The portfolio approach is effective at explaining deposit dollarization.17 If domestic currency deposits yield higher returns than dollar-denominated deposits, one should expect lower deposit dollarization. 18 The econometric findings confirm (Table 2.1) in all cases that a positive interest differential reduces significantly deposit dollarization.19 Firms appear to be more sensitive to this spread. The portfolio view is further supported by the finding that a higher real deposit rate is associated (in most cases significantly) with lower levels of dollarization. Again, SSA is not different from other regions in this respect.

Four different measures to proxy for various aspects of policy outcomes are employed: capital account openness, external debt to GDP, M2 to GDP, and GDP per capita. Lower capital account openness should go along with restrictions on the use of foreign exchange that provides legal disincentives to hold foreign exchange. Higher external debt is likely to be linked to higher balances in foreign exchange by the entity that owes this debt.20

A higher level of financial development is likely to go along with better management and investment opportunities in domestic currency. Economic agents will prefer to hold currency in FX if the domestic financial sector is shallow and does not provide useful investment options. GDP per capita, in turn, is used as a proxy for several other potential market failures not captured by the other measures, such as economic and institutional factors that influence the development of local currency markets (Levy-Yeyati 2006).

Results

  • Capital Account Openness. The results do not support the hypothesis that capital account openness has a significant impact on deposit dollarization. For the SSA sample, the capital account index has no significant impact on the level of dollarization. This could stem from the fact that the variation of capital account openness in SSA economies is very limited both across time and across countries. Porous borders and weak enforcement of capital controls in many countries could also explain this finding.

  • External Debt to GDP. Higher external debt tends to be associated with a higher share of foreign currency deposits. The lack of significance of this variable, nonetheless, could be explained by the debt relief initiatives of the last decade—Heavily Indebted Poor Countries and Multilateral Debt Relieve Initiative—and debt restructurings under IMF programs (such as Seychelles) that may have distorted this relationship over this time period.

  • Financial Sector Development. The econometric results for this variable are unambiguous: countries more financially developed—identified by higher M2/GDP ratios—have ceteris paribus lower levels of deposit dollarization. As the financial sector develops, and more financial products are offered in which domestic currency savings can be invested, dollarization naturally declines. Financial sector development presumably captures not only the diversity of investment products available but also a more stable macroeconomic environment.

  • Income per capita. Higher income per capita is associated with a marked decline in deposit dollarization, in particular in SSA countries. This is in line with expectations that income per capita proxies for economic and institutional factors that influence the development of local currency markets. Interestingly, results for the rest of the world are insignificant. This and the results on M2/GDP could suggest that for the rest of the world, money supply in percent of GDP is a sufficient indicator of financial sector development, while in SSA other factors are also important.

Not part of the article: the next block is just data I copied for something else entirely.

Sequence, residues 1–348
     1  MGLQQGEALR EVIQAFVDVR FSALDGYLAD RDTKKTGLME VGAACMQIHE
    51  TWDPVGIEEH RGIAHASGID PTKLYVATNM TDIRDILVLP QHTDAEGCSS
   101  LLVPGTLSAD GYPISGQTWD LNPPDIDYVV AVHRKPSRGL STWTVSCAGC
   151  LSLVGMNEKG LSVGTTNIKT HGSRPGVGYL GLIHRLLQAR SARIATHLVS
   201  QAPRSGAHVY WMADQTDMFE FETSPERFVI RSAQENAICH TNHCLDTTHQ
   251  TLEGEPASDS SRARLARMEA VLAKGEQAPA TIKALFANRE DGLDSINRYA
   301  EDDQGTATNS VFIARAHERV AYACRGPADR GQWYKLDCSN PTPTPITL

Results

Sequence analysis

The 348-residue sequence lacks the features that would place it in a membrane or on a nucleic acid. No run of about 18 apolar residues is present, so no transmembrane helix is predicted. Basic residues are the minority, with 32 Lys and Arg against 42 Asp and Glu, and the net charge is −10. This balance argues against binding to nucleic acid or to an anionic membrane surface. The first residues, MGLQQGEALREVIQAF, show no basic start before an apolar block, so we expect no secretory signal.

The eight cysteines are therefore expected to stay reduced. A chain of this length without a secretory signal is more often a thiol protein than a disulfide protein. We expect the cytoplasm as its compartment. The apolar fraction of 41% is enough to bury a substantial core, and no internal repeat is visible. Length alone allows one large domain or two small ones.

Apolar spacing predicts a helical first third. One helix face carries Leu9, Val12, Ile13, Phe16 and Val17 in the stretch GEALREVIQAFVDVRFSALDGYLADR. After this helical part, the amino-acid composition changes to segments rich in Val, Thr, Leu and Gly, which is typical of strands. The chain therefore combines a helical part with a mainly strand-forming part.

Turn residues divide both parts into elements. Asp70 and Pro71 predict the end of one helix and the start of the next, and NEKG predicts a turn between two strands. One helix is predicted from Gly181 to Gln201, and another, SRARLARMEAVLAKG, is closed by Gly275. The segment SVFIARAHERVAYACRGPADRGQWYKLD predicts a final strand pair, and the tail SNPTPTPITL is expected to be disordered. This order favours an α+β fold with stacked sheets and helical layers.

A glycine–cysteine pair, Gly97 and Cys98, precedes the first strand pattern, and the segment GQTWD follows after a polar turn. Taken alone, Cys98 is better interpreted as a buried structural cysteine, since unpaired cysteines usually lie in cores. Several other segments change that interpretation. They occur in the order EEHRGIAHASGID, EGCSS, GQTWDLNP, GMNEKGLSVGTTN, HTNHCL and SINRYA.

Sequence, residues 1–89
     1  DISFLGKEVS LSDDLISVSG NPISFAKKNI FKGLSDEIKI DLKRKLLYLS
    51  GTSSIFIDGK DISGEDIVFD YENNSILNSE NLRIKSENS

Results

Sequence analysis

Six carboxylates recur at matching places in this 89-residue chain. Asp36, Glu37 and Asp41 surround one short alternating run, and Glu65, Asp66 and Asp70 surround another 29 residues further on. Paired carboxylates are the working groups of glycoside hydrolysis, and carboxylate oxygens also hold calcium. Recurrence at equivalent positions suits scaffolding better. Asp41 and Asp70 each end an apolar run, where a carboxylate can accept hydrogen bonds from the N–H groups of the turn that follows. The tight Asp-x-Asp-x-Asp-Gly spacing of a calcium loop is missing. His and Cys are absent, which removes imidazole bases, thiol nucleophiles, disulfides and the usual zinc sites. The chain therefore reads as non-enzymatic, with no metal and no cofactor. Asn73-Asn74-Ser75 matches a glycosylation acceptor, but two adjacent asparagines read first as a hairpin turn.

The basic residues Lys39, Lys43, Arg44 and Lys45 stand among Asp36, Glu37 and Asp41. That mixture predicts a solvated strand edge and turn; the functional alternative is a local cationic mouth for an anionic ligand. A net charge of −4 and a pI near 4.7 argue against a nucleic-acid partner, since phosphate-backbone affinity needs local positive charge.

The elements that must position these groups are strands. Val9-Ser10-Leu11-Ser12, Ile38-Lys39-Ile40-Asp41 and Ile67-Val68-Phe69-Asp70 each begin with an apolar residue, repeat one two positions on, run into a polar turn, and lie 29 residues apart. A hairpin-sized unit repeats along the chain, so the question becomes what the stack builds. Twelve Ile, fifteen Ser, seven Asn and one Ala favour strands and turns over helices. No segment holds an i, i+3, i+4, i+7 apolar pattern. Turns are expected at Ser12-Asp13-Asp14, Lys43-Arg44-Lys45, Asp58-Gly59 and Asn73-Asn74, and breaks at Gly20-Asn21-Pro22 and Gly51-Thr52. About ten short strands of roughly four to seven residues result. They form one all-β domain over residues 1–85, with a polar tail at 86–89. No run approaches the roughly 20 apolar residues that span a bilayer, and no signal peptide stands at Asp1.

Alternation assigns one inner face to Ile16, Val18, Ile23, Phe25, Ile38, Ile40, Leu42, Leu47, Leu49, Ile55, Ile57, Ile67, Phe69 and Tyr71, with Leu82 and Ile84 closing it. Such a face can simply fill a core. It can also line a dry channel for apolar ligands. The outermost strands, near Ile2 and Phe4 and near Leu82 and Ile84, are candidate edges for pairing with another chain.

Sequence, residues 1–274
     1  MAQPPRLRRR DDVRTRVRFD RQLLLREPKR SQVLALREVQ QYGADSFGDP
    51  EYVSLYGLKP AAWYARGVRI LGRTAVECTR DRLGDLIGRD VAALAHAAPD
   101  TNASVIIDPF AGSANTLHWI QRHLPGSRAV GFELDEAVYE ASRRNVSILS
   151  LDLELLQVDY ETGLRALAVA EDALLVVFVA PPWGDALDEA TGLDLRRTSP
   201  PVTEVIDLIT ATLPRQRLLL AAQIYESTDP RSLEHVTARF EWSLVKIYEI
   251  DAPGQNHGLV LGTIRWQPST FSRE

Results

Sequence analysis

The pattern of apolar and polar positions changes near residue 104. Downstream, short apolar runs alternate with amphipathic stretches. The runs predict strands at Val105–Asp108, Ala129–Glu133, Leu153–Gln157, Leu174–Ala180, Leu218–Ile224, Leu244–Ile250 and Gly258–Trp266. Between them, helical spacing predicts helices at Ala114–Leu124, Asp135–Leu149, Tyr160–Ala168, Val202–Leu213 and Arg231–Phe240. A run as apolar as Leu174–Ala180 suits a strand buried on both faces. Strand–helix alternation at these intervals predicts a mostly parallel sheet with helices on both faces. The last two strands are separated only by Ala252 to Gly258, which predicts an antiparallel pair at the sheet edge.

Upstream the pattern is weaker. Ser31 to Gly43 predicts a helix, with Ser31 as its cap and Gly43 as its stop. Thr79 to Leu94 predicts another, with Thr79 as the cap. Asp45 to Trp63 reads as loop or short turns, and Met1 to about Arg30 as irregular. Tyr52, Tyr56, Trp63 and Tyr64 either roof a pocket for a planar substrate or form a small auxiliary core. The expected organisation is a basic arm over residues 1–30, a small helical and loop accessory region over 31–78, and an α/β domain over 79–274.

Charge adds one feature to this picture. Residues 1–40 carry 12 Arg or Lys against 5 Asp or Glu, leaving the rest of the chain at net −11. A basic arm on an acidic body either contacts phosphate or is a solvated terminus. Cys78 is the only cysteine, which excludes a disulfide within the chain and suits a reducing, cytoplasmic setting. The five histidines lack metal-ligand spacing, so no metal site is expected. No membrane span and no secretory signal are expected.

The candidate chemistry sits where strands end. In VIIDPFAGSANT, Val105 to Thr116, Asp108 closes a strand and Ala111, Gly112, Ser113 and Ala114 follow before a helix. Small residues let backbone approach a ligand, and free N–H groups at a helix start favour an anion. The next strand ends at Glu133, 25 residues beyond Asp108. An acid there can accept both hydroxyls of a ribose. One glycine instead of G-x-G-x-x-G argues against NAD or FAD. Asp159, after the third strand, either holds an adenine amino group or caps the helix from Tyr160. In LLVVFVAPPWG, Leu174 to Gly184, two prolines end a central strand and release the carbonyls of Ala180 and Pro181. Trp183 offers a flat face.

• Access to foreign exchange Finance. A priori, de facto access to foreign exchange has an ambiguous impact on deposit dollarization. The ability to keep money overseas is expected to reduce domestic deposit dollarization. However, at the same time, banks can mobilize resources in foreign exchange, thus increasing their appetite for passing on the exchange rate risk while making use of (potentially cheaper) foreign funding. In fact, no robust relationship is found between the respective indicators and deposit dollarization.

  • Bank for International Settlements (BIS) Deposits and Loans to GDP. Results for this variable are not conclusive for either SSA or the rest of the world, suggesting that this is not a major determinant of domestic deposit dollarization, contrary to what has been suggested in the literature (for example, Levy-Yeyati 2006).

  • Exports to GDP. Also for exports to GDP ratios, for SSA, most results point to a significant positive impact of export earnings on deposits in foreign exchange. Results are relatively inconclusive for the rest of the world. This suggests that economic agents that receive earnings in foreign currency in SSA have a tendency to keep part of their proceeds in foreign currency rather than converting into domestic currency, while this is not the case in the rest of the world.

  • Oil Exports to GDP. There is a noticeable difference on the results for the oil exports to GDP for SSA economies versus the rest of the world. In SSA countries, for the overall economy, higher oil exports to GDP are associated with higher deposit dollarization whereas in the rest of the world higher oil exports are associated with lower foreign currency deposits. This pattern is similar to the findings on exports to GDP but emphasizes the role of natural resource dependence.